Wednesday, December 14, 2016

Imperfect Gifts for Long-Haul Travelers

The other day I came across an article at with the click-bait title: 10 Perfect Gifts for your Favorite Long-Haul Traveler.

I was skeptical right out of the starting gate: I travel light, a declaration I repeat ad nauseam. Recently I renewed my passport, and opted for the version with more pages as I was running out of visa pages in my existing passport. I hummed and hawed at the additional bulk and weight (0.7 ounces) but eventually decided convenience outweighed the additional weight, if you excuse the pun.

I don't need much. What I need for a two-day trip is identical to what I need for a two-month trip.

But what goodies would the article reveal: essential items, or things I didn't realize I didn't need?
The list of gifts gets off to an inauspicious start: a dash cam. Nah, I won't be needing that. 
The next item is more promising: an external battery pack. I must confess I carry one these days. It is useful on a long-haul flight when the in-seat power is insufficient to charge my tablet while I'm using it. It also allows me to hold on to my four-year-old phone which now has a short battery life.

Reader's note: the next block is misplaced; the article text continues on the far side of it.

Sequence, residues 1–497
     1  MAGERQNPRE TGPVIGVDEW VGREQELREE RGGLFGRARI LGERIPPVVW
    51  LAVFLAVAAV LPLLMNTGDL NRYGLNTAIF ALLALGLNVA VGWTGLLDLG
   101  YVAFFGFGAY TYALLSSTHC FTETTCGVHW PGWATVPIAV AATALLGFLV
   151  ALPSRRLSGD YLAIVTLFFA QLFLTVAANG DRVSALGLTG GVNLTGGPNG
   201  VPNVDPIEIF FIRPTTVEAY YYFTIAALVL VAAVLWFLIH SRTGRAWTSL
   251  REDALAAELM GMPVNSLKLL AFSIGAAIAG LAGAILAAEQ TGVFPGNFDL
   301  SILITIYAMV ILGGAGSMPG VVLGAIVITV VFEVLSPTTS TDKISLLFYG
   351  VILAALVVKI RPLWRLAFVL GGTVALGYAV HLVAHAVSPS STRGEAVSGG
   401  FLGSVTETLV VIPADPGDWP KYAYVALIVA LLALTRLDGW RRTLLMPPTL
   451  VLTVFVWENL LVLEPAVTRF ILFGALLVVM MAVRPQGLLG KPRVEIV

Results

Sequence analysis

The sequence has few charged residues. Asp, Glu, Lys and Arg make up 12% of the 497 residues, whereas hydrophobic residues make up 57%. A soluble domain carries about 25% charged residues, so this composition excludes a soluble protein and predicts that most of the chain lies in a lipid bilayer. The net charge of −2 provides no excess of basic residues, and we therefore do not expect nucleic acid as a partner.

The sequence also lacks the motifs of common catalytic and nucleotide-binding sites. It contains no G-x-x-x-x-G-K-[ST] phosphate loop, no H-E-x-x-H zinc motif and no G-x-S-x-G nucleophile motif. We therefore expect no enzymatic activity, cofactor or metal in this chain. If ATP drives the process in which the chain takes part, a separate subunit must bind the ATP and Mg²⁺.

A bulky sleep mask, huge Bluetooth headphones, a heads-up windscreen display, and a radar detector are definitely not on my Santa list.
At least a Priority Pass to get into some airline clubs weighs nothing if you store the pass on your phone. But I already have airline clubs covered.
It's the final three items I find particularly unacceptable for long-haul travel:
Airhook. What could this possibly be?
I kid you not, it's an in-flight cup holder. 'Nuff said.
A "smart" carry-on suitcase. It's heavy, almost 9 pounds, which is more than half-way to Lufthansa's 17 pounds carry-on limit. I'll stick with my 3 pounds, 35-liter backpack.
The final item is a $55,000 jeep-like Land Cruiser. This idea is beneath contempt.
To be fair, finding the right gift for a long-haul traveler is not a new problem. The 17th century poet, Matsuo Bashō, bemoaned the farewell gifts he received when he left his home for his Narrow Road to the Deep North journey from Edo (today's Tokyo) to northern Honshu:
The pack straining my scrawny shoulders hurt most. I had planned to set forth with body alone, but paper clothing for night's chill, a light summer robe, raingear, some brush and ink, and those farewell gifts so hard to refuse: they were all too difficult to discard, inevitable burdens on the road.
As he traveled, he received some thoughtful gifts:
Straw sandals, presumably to replace his worn-out pair.
A poem specially written for him by his host.
Sketches of places he had visited.
Good footwear, reading materials (preferably digital), and a few pictures (preferably digital). Maybe we have something to learn from this simplicity.

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